Seeking that I might Serve

6 Sep

Summer has slipped by so quickly this year. Maybe it’s because of a later ending of the school year due to our snowy winter or maybe because I’m growing up and time seems to move faster as the years pass, but whatever the reason, summer is coming to a close.

The heat of Summer is being replaced by the crisp September air and I am about to begin my fourth year of service in a place that has become so dear to me. As I fold the brightly colored clothes of summer, preparing them for their winter home in storage, it seems that I was  just unpacking them not too long ago. Afternoon cook-outs will soon be substituted by hayrides and bonfires. Staying up late and sleeping in will be no longer as the alarm sounds before sunrise beckoning me to the responsibilities of a classroom and the teaching of ten precious students I am so blessed to call mine.

I am grateful for where the Lord has me today. As I look back on Summer 2010, I do so in praise of my gracious God. He has done so much in my heart over the past three months. He has taught me so much, and yet the more I learn, the more I realize I need to learn. I am learning that I will always be learning.

At the beginning of every school year, I always seem to have this phrase from so many verses in Psalms on my mind.

“Teach me, O Lord…”

I find myself, like David, longing to be taught though I am in the position of teacher. Though my lesson plans have been carefully prepared and my classroom is arranged and ready for my students, I realize that I am not yet ready to teach.

I think of Martha and Mary. Two women that shared a love for Jesus unparalleled by many in Scripture. They had come to know Him well. They had seen Him work miracles first hand bringing hope to their broken hearts when it seemed long gone. They both loved Jesus and there’s no question about it, but Martha struggled in an area that Mary didn’t. Unfortunately, I think I’m more like Martha than Mary.

Martha had a servant’s heart. She wanted everything to be in tip-top shape when hosting friends for fellowship in her home especially when one of those friends was Jesus. She was determined to make sure everything was just so. However, Martha was quick to let the service get in the way of truly serving. We find her in Luke chapter ten flustered and fussy when things weren’t going they way she wanted them to. 

Mary, on the other hand, knew that a clean house and good food where imperative when entertaining, but in her heart those things just weren’t as important as they were to Martha. She loved company but was more interested in getting to know them than whether or not the food was superbly prepared. I think Mary was better at seeing the bigger picture, of realizing the preciousness of the moment. This  gave Mary the ability to sit and “hear his word,” (v.39) while her sister rushed frantically from room to room ensuring that every detail was in place.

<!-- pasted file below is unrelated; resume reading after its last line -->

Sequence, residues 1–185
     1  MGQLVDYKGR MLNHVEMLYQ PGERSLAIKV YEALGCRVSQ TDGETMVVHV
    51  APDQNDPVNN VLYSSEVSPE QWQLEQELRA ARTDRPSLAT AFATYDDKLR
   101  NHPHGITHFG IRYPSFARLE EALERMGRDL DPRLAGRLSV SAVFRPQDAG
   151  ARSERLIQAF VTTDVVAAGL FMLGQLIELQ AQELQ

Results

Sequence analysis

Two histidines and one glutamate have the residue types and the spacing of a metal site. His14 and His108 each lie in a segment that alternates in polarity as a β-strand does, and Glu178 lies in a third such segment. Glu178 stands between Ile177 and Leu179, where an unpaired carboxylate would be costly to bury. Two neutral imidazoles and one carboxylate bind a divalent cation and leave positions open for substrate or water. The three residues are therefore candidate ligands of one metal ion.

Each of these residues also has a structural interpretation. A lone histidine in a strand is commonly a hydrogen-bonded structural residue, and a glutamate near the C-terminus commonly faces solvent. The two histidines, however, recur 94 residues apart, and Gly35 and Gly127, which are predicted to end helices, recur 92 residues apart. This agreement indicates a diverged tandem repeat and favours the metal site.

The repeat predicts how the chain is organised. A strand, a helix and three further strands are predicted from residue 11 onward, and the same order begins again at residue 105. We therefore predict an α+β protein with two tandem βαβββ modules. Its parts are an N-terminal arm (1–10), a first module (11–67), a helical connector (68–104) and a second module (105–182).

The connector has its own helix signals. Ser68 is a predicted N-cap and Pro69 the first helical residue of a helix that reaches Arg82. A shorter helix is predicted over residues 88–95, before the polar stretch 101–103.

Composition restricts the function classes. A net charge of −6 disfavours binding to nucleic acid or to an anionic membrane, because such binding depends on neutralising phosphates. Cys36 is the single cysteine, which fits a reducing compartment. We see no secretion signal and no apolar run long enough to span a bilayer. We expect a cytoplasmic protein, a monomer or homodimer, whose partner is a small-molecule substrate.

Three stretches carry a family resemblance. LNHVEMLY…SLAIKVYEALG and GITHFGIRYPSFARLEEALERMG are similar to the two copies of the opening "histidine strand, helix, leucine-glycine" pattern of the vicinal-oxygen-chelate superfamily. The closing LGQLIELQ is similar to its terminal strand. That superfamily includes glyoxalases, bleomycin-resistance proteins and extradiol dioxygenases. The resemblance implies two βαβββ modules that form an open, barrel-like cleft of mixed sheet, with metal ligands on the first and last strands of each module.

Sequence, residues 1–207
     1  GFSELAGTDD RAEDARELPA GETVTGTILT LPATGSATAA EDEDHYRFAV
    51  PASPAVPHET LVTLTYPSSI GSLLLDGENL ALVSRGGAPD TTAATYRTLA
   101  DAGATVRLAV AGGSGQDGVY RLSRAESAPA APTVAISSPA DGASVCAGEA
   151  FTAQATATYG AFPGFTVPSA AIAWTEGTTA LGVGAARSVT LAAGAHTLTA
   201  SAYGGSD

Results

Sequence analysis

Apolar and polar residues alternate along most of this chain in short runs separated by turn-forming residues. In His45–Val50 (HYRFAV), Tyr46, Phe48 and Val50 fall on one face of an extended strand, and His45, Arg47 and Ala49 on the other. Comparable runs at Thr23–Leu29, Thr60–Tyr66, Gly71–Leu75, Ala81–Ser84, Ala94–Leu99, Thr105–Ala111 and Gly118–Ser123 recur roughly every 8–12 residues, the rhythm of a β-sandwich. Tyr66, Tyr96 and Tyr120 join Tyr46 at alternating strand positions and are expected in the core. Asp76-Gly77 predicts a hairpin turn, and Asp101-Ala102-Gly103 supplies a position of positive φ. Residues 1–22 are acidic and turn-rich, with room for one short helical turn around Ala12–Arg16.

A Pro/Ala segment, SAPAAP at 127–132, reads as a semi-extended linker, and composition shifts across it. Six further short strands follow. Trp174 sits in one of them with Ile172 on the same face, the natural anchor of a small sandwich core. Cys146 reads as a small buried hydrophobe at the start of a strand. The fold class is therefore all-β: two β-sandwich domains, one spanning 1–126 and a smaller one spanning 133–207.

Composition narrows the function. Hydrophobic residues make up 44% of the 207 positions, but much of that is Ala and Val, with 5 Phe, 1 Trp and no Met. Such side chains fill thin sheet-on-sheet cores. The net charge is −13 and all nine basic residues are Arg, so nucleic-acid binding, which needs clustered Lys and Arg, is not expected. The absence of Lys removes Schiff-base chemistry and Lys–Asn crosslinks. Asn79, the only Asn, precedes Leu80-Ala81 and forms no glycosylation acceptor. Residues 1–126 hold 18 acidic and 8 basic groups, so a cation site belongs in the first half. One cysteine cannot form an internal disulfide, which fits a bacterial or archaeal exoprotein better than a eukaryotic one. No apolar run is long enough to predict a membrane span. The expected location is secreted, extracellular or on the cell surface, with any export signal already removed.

Mary realized that this was a once in a lifetime opportunity. It’s not everyday that Jesus Christ stops by for supper! Martha missed out on enjoying Christ’s company because she was so focused on the details.

Yes, Jesus was hungry and in need of nourishment, but He explained that there was something more important,   “…Martha, Martha, thou art careful and troubled about many things: But one thing is needful: and Mary hath chosen that good part, which shall not be taken away from her.” (v.41-42)

I wonder what their memories of that day were after the dishes had been washed and Jesus departed to continue His earthly ministry?

I think Mary’s were happy memories, memories of time with her Lord, of the Truth He taught her during that short visit. I’m sure she was thankful she chose “the good part.” (v.42)

I think Martha’s were memories of regret, wishing she hadn’t wasted the time she had with Him so concerned about things that meant very little in the long run.

But I am certain they both learned an invaluable lesson that day.

Service before seeking is pointless. It leaves us serving “cumbered” (v.40) and not carefree and joyful as we should be. Martha wasn’t wrong for wanting to present a good meal and nice accommodations for her Guest, but she missed out because she missed the Guest, Himself. I’m sure her grouchy spirit affected the spirit of those visiting that day.

Planning and preparing for my classes is wise and necessary but if that’s where I leave it, I’ll miss it too. My students will miss out on having a teacher who is in love with Jesus and will probably end up with a teacher who is not very good at teaching.

The older I get and the more He grows me up into Him, I am more aware of the necessity of beginning the day as a student of Scripture prior to standing before my students. Regardless of how many verses I have memorized or how many studies I’ve done, the need will never be met this side of Heaven. Each morning I need the fresh oil, new manna, and great grace that comes from my Teacher alone. I cannot find it anywhere else. I cannot find it even in the Truth that satisfied me yesterday. The arrival of a new morning means new mercy is to be sought.

We all know that a dinner of leftovers will never replace the tastes and flavors found in a freshly made meal. The same is true in our walks with the Lord. When He created Adam, He placed within him a need for daily fellowship and companionship which can only be met by our Lord, Himself. We may think, “I did my devotions last night so I’m good for today.” but I’ve found that nothing compares to daily, constant communion with Christ. I don’t do well when I try to live on leftovers. I am usually grouchy and certainly not in the right spirit to teach.

I must be taught first. I must seek before I serve.

So as we turn another page on the calendar and the season of Summer quickly fades bringing Autumn’s arrival this September, I find myself at Jesus’ feet praying, “Teach me, O Lord.”

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